Knowledge to make your life better. If you have some free time, check out some of these links this weekend.
These are good skills to know.
A thumbnail sketch of the gun laws in every state.
Informed commentary on last week’s Law Vegas vehicle shooting.
For more information on the topic, please read: Tactical considerations for shooting while driving.
Don’t believe the hype.
I regularly get requests for more articles about family safety or partner tactics. This podcast does a deep dive on the topic. If the subject matter interests you, please listen to it. I do, however, have some slight reservations about some of the material. Without question, the tactics mentioned here will keep you safe. They also straddle the line between safety and paranoia depending on the context and situation. Trying to maintain this level of awareness and preparedness in all public situations will lead very quickly to hypervigilence and a case of PTSD.
Listen to their recommendations and then think about where those recommendations should be reasonably added to your family safety plan.
Why would a gun owner want to take a class in close quarters shooting and weapon retention? How about for situations like this?
That gun you carry in your pocket isn’t as impressive to the criminal as you think it is. When you pull it at close range, the bad guy just might take it away from you if you aren’t skilled enough to keep it.
This dude is lucky the criminal didn’t shoot him before walking away with his new gun.
For my first responder friends’ education. You are not going to die if you come into contact with fentanyl.
What about if a police K9 sniffs powdered opiates? Check out: Police Dogs at Risk: Symptoms and Treatment of Opioid Exposure in Canine Officers.
Say it with me folks: “Not my people. Not my problem.”
Good basic advice from Ralph Mroz.
Many of the problems I see in people during my cop job involve what psychologists call “catastrophizing.” It’s the irrational thought that any situation will actually turn out far worse than you can imagine.
If you are prone to such adverse thought processes, this might be a useful solution.
“De-policing” is a trend that is happening nationwide. Here is another useful article explaining the concept.
Why are cops so easy to hate? Here is one police attorney’s answer…
Some options for reloading your defensive revolver as a lefty. For more revolver goodness, check out this article that explains the various nuances of revolver triggers.
I’m seeing fewer and fewer cops embracing this life-saving tactic.
What does a “terrorist” look like and how can you tell him apart from the crowd he is targeting?
Although some of the slang terms are amusing and likely not actually being used, this is an authoritative list of drug slang. It may be useful for you parents of teens or you cops who aren’t up to speed on the local drug lingo. The alphabetical list of street names is more useful than the first part of the document. Opens to PDF.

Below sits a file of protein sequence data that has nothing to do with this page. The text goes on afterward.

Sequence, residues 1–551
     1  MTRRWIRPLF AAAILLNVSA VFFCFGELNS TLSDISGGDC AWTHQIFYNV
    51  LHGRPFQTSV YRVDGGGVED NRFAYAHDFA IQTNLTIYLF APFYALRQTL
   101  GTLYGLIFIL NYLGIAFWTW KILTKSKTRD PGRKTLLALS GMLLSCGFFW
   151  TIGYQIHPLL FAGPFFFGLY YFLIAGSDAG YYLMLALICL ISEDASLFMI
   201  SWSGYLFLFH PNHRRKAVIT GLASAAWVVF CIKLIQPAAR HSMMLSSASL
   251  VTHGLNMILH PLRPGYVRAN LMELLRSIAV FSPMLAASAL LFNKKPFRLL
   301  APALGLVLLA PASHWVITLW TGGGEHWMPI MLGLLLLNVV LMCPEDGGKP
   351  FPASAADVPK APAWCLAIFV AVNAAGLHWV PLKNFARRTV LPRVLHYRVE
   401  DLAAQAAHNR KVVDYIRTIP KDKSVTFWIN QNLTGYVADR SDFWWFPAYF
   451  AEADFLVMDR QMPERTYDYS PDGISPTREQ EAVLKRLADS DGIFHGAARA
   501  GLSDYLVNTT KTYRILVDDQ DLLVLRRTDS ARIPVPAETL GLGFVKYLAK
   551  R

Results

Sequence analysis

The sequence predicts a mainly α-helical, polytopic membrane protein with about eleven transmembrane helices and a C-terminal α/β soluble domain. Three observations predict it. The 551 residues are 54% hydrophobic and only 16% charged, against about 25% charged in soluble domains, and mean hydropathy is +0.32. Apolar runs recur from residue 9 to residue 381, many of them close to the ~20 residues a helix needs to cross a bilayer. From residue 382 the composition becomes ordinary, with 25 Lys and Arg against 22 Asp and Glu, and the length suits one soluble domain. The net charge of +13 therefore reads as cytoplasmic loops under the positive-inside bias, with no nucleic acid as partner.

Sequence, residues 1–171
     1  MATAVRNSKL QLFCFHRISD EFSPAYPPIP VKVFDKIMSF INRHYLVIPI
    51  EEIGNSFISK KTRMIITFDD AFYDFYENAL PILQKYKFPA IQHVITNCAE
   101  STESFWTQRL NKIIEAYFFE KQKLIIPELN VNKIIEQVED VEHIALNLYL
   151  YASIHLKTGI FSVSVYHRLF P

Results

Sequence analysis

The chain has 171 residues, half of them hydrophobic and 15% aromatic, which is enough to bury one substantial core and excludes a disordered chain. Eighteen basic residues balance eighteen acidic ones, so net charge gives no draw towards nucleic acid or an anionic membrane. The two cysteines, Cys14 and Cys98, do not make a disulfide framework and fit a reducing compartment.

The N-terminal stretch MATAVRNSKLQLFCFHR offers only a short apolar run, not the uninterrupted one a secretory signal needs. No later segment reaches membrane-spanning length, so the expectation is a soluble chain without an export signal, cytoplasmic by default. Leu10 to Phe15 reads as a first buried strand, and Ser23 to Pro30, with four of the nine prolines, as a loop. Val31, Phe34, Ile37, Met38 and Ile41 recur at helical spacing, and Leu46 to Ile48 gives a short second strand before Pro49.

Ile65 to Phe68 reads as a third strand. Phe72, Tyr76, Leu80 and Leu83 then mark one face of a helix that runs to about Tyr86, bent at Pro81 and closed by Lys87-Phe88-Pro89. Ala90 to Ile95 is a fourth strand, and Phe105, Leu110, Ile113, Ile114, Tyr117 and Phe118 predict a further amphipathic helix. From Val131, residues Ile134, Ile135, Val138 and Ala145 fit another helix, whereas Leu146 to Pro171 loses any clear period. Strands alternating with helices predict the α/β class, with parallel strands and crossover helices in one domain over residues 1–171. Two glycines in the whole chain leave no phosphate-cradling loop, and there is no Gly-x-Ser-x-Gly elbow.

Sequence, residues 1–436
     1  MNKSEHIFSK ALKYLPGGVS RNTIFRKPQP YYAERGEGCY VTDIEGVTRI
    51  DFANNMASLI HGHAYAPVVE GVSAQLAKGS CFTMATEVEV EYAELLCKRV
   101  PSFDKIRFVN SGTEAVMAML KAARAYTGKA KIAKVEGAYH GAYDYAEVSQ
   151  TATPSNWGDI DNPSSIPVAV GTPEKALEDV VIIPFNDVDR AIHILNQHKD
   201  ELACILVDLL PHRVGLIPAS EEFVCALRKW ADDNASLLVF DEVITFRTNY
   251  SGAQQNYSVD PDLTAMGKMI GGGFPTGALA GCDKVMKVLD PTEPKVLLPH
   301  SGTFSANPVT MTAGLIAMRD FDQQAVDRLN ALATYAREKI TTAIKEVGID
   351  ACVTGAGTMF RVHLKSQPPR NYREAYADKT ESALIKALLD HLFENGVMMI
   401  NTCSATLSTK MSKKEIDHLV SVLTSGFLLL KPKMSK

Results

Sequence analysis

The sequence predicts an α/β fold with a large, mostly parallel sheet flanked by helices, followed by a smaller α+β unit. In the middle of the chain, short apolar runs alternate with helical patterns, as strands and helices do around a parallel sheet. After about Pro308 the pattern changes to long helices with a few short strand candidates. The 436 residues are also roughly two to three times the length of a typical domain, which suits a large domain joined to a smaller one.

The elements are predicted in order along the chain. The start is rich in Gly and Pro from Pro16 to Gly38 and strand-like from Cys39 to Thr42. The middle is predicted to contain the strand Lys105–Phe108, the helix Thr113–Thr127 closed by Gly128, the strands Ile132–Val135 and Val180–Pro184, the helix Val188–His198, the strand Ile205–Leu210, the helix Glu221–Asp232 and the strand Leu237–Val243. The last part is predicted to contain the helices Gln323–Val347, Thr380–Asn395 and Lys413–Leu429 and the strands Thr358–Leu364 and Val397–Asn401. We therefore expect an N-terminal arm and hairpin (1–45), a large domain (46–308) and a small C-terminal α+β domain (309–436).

“The ultimate tool for corporations to sustain a culture of this sort is to develop the 40-hour workweek as the normal lifestyle. Under these working conditions people have to build a life in the evenings and on weekends. This arrangement makes us naturally more inclined to spend heavily on entertainment and conveniences because our free time is so scarce.”
What I’m reading…
I’ve took a couple of classes from the author more than a decade ago. I was impressed with both his skills and his teaching style. Looking forward to digging in to this one.
This drill looks to be both valuable and fun…assuming you have a range that can accommodate lots of movement.
This case resulted from a gunfight that had a lot of moving parts.
An off-duty and unarmed cop orders a pizza from his friend’s pizza shop and he goes to pick it up. He and the owner of the shop were talking behind the counter while the pizza was baking. The pizza shop owner was armed and the cop knew that he was.
Four guys come in to rob the place. One of the armed robbers charged the counter area with gun in hand. The shop owner slammed him up against the wall and started fighting him for the gun. As the two men were struggling, the cop draws the shop owner’s gun and shoots all four robbers. One dies. The other three all got convicted of “felony murder” for causing a death in the commission of a crime.
Read the court opinion of the wrongful death lawsuit that was filed against the officer. The narrative describes some conditions that most of you are probably not practicing. How many of you work on:
- Four on one multiple attacker drills?
- Deflecting/Disarming an armed criminal in a contact distance struggle?
- Drawing and shooting a weapon carried by another individual?
- The issue of shooting fleeing felons?
The court opinion is worth a read if you are a cop. It provides a good discussion about how Graham v. Conner and Tennessee v. Garner are actually applied to real cases.
Speaking about multiple attackers, in this article Massad Ayoob talks about disparity of force legal issues when multiple attackers are involved.
This should be a fairly easy test for most of you to pass.
In last week’s Knowledge Dump, I linked to some 10mm gelatin testing results and commented that the 10mm round is not likely the best choice one could make for a self defense load against humans. I’m glad to see that I’m not the lone voice in the wilderness. The good folks at Lucky Gunner come to essentially the same conclusion in this article.
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